By Elena Garcia
About 50 people attended the Queensland Water Summit in Dalby on September 23. Despite its midweek timing, a wide range of people attended from across the state, including farmers threatened by increasingly severe drought and mining company pollution of their water sources, to community members, doctors and clergy from communities impacted by coal seam gas, underground coal gasification and coalmining.
The summit was organised and funded by independent Senator Glenn Lazarus, who spoke briefly but mostly listened to the concerns raised by attendees.
He also coordinated a feedback session at the end of the day to collect practical suggestions from participants on how best to sustainably manage Australian water resources. He will submit them to Prime Minister Malcolm Turnbull, along with his repeated invitation to Turnbull to visit the gasfield-affected communities.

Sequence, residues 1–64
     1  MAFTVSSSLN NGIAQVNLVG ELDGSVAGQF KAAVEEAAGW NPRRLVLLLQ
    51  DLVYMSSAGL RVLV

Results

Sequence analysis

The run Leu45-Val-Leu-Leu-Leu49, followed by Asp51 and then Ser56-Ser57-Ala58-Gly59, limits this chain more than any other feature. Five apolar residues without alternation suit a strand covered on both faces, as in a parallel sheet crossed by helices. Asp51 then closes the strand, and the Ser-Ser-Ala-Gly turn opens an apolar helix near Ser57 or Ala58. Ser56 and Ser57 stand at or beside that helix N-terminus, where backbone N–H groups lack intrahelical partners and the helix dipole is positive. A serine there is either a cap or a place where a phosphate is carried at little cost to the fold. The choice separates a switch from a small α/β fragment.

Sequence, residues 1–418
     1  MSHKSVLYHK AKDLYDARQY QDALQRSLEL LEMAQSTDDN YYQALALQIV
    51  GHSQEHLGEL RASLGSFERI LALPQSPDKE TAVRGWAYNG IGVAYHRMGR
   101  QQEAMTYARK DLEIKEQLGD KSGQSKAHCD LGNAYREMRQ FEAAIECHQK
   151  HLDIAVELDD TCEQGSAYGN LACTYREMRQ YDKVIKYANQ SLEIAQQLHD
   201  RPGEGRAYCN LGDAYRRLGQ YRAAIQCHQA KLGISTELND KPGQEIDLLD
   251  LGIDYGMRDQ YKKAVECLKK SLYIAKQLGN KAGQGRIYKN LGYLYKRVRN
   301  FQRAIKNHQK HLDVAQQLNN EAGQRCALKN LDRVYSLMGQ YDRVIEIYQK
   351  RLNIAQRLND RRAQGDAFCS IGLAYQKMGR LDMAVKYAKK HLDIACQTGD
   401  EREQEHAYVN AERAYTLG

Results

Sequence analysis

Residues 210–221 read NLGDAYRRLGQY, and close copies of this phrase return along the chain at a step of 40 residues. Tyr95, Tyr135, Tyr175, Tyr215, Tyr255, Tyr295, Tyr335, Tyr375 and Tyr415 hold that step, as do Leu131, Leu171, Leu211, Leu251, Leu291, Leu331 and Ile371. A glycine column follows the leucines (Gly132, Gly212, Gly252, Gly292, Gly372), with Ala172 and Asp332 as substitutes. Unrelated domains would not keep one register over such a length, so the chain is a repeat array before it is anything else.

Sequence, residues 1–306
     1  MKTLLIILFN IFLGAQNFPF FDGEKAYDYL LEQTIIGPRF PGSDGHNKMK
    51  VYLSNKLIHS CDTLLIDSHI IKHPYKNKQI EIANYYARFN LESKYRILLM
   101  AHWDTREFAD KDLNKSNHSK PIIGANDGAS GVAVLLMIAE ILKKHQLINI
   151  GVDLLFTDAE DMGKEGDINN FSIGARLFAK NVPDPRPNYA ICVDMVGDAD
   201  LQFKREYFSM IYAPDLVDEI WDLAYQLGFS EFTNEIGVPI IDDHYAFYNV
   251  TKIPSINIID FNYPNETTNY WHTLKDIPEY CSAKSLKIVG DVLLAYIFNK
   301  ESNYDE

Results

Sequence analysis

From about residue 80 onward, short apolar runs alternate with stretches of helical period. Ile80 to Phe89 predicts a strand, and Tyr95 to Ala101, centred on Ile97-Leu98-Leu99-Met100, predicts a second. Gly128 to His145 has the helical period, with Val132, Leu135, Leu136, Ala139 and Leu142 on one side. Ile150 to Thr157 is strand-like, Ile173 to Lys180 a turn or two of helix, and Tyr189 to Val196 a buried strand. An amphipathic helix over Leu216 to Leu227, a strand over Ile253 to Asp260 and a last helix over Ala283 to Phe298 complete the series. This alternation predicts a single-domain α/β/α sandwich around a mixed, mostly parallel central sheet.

Four speakers gave presentations. Associate Professor Larelle Fabbro from Central Queensland University spoke on the need for sources of water that do not dry up, within a historical Australian weather pattern of floods every five years and droughts every 10. Climate change will mean more intense events.
The large dams called for by the Nationals as the means to "drought-proof Australia" change water quality and encourage toxic algal blooms. The longer water is stored, the poorer its quality; and the bigger the dam becomes, the more the water quality changes for the worse, as the water mixes less. In summer the surface heats and the cold bottom layer rots and breeds highly toxic algal blooms often invisible on the surface. Many types of toxic algal blooms have still not been identified.
Large dams can also prevent many fish species from migrating from fresh to saltwater to breed.